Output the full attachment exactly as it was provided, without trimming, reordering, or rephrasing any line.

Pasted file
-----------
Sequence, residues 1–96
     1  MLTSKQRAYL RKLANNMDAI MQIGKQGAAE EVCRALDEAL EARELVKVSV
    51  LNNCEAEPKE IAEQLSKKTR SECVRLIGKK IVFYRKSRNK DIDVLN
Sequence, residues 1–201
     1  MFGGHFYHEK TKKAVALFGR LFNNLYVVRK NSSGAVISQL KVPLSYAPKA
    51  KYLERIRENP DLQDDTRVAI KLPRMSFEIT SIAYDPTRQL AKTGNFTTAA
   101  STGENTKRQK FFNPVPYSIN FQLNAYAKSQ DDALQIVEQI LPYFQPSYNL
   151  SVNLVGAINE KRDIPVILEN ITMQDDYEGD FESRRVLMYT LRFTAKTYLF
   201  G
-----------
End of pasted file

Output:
Sequence, residues 1–96
     1  MLTSKQRAYL RKLANNMDAI MQIGKQGAAE EVCRALDEAL EARELVKVSV
    51  LNNCEAEPKE IAEQLSKKTR SECVRLIGKK IVFYRKSRNK DIDVLN
Sequence, residues 1–201
     1  MFGGHFYHEK TKKAVALFGR LFNNLYVVRK NSSGAVISQL KVPLSYAPKA
    51  KYLERIRENP DLQDDTRVAI KLPRMSFEIT SIAYDPTRQL AKTGNFTTAA
   101  STGENTKRQK FFNPVPYSIN FQLNAYAKSQ DDALQIVEQI LPYFQPSYNL
   151  SVNLVGAINE KRDIPVILEN ITMQDDYEGD FESRRVLMYT LRFTAKTYLF
   201  G